The English writer William Wordsworth (1770–1850), in his pastoral poem The Oak and The Broom, wrote the following lines:
I know, and I have known it long;
Frail is the bond by which we hold
Our being, whether young or old,
Wise, foolish, weak, or strong.
Disasters, do the best we can,
Will reach both great and small;
And he is oft the wisest man,
Who is not wise at all.
The speaker in this poem is a broom plant, which is responding to the taunts of the nearby oak tree that had mocked it for the apparent frailty of its form and for providing wayward shepherd boys with a soft bed on which to sleep. The broom plant’s reply highlighted the joy it found in interacting with the insects, birds and animals with whom it shared each season throughout the year. It looked for these joy-filled snatches among the challenges of the larger changes brought by each passing season in its world, be it the heat of summer, the frost of winter, the energy of springtime or the slowing of autumn. By the end of that poem it was the broom which remained, as the oak in its unbending pride had fallen before the sudden onslaught of a winter storm.
Solomon, a wiser man than any in his day, urged all who would listen to find something positive in their lives wherever that life would lead. “So I commend the enjoyment of life,” he says in Ecclesiastes chapter 8 verse 15 (NIV), “because nothing is better for a man under the sun than to eat and drink and be glad. Then joy will accompany him in his work all the days of the life God has given him under the sun.”
Some days that joy may not dominate. Some days life may seem futile, an endless repetition of the same routine lived amid the same walls echoing the same sounds from the lives of those nearby. Focusing on this highlights the futility and the pain of living, making it hard to see the subtly of the blessings that are still there in life. Amid that cycle there is still the opportunity to touch and to try a smile, to hold a hand or share a memory, listen to a distant bird or smell a scented leaf or flower.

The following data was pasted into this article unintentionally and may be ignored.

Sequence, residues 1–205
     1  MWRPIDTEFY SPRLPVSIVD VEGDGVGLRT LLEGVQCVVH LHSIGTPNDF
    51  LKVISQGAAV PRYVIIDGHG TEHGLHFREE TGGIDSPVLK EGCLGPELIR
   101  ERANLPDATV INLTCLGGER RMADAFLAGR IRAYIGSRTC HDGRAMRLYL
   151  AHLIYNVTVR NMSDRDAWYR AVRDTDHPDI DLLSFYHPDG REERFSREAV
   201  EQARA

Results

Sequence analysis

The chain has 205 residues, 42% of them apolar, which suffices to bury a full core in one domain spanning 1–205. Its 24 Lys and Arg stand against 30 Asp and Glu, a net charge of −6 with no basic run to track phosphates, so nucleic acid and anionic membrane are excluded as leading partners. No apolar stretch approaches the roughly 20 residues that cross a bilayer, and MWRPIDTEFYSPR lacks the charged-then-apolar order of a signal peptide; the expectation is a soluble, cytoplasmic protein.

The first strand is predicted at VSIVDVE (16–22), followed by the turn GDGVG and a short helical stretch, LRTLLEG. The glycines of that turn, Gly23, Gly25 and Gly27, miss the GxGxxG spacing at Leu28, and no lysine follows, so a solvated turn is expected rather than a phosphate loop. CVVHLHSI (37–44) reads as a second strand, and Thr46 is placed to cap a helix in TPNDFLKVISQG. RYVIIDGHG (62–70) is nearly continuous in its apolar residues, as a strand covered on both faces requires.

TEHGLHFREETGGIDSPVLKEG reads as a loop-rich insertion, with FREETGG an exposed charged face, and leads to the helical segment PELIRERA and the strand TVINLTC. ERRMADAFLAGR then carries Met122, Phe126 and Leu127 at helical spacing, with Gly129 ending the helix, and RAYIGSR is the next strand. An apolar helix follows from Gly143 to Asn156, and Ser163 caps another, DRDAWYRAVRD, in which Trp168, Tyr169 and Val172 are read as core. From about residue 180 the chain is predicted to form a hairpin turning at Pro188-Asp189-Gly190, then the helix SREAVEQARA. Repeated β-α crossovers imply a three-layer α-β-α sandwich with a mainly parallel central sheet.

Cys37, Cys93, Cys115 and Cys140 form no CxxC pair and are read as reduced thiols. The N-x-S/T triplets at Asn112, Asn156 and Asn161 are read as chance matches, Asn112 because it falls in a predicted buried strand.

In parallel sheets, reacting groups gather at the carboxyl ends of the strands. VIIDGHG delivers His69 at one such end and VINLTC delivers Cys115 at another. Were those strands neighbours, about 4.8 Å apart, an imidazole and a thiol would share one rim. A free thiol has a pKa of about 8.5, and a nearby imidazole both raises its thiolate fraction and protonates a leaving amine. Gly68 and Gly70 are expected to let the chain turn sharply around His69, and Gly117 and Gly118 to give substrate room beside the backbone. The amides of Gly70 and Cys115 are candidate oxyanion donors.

Seeking the joy of the day will not make its challenges any less serious or any less real. But blessings and joy can exist at the same time as misfortune and sorrow. Finding joy among the little things may not remove the sense of struggle, but it will help to ease that burden. Sharing a hug changes the view – and how large is a hug, really? Warmth from the sun, or the colour of an autumn leaf, can both awaken memories to distract from the present, or simply bring pleasure to the moment.
The little broom plant and King Solomon both faced their lives with a certainty that they would find each day something to enjoy and both found it.
In what little thing will you find joy today?
– Stuart Muir, Pastoral Care and Community Services Manager, Corporate Services